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HAT TIPS

Posted 6/10/09 (Wed)

By Dean Meyer

Hello,

Wow! I’m not sure if it is an early snow or a late snow! The sixth of June and six inches of snow on the deck? But it switched to a welcome rain. I tell you what, it was like one of those rains from when I was a kid. It just kept on for a couple days, and the country around here looks as good as it could. Hope yours does too.
That rain got me to thinking about my grandpa. He once told me “it always rains right after a dry spell!” And you know, he was right! I’ve been watching that. Never could figure out how he knew that.
And then came the big chase and the shootout over at Gladstone. It almost sounded like a “Bonnie and Clyde” thing. We had all the law enforcement in the area involved and after chasing these outlaws across seven states. After eluding officers for days, they met their match in southwest North Dakota. They even pulled seventeen patrolman and sixteen county sheriffs off of Highway 22, where they’ve been watching for those violent speeders and seat belt offenders. None of the good guys were hurt and the “Barrow” gang is in lockup.
But, that too reminded me of Grandpa Herb. One spring, I suppose I was in my early teens, I was staying with Grandpa and Grandma helping calf out a bunch of heifers. We were on a little homestead fifteen miles or so southwest of Berthold. Up in Ward County.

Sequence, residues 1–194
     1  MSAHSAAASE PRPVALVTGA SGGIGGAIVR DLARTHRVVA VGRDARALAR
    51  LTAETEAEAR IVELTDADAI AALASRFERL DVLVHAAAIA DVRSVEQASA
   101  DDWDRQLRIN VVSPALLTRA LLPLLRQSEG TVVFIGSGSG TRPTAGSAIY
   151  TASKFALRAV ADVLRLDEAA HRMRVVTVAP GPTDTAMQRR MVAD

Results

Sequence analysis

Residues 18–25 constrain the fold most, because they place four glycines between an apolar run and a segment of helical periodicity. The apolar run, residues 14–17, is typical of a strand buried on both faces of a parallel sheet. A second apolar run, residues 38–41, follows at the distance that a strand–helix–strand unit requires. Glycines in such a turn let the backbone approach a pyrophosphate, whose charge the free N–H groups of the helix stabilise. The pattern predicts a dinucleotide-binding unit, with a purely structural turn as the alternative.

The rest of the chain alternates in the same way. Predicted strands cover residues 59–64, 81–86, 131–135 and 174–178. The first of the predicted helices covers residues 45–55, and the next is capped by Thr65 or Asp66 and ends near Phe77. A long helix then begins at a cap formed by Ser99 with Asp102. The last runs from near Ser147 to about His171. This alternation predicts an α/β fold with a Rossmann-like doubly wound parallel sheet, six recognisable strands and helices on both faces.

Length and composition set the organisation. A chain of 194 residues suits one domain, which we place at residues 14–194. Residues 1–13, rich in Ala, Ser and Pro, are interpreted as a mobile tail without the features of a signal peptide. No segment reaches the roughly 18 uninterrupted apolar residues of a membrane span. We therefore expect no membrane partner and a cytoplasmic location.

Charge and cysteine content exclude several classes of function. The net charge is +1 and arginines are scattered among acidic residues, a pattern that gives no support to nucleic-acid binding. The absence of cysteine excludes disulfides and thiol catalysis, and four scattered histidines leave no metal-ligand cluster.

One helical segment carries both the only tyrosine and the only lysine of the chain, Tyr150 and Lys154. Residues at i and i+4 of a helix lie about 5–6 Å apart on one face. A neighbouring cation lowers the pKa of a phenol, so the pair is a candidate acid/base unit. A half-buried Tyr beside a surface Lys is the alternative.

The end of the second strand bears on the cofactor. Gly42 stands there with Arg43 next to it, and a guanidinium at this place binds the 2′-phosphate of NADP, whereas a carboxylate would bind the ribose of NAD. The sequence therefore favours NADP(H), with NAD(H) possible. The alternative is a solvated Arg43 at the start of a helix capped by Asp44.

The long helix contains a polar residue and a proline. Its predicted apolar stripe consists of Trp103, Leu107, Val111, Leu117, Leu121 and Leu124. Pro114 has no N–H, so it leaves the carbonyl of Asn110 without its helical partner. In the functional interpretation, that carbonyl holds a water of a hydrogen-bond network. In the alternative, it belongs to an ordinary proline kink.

We would always watch Gunsmoke (I’m still in love with Miss Kitty), the ten o’clock news, have a bowl of ice cream, check heifers, and go to bed. Then you’d get up a couple of times during the night to check heifers.
One night as we were watching the news, there was breaking news about some jail escapees. They were possibly in the Berthold area. The newscast also made it clear that these escapees were considered armed and dangerous. Everyone was to take the keys out of any vehicles. We had a car and a pickup in the yard, and I quickly ran out and took the keys out of the vehicles.
We finished the news and our ice cream, and I was slipping on my boots to go check heifers. Grandpa handed me the keys to the car and pickup, and told me to put them back in the outfits.
Boy, I quickly objected and warned him that they might be stolen if we left the keys in them.
Grandpa just looked at me and kind of smiled. “Well,” he says, “If those boys come here and need a vehicle, I’d rather they didn’t have to come in the house to find the keys!”
I think grandpas were smarter when I was a kid.

Later,
Dean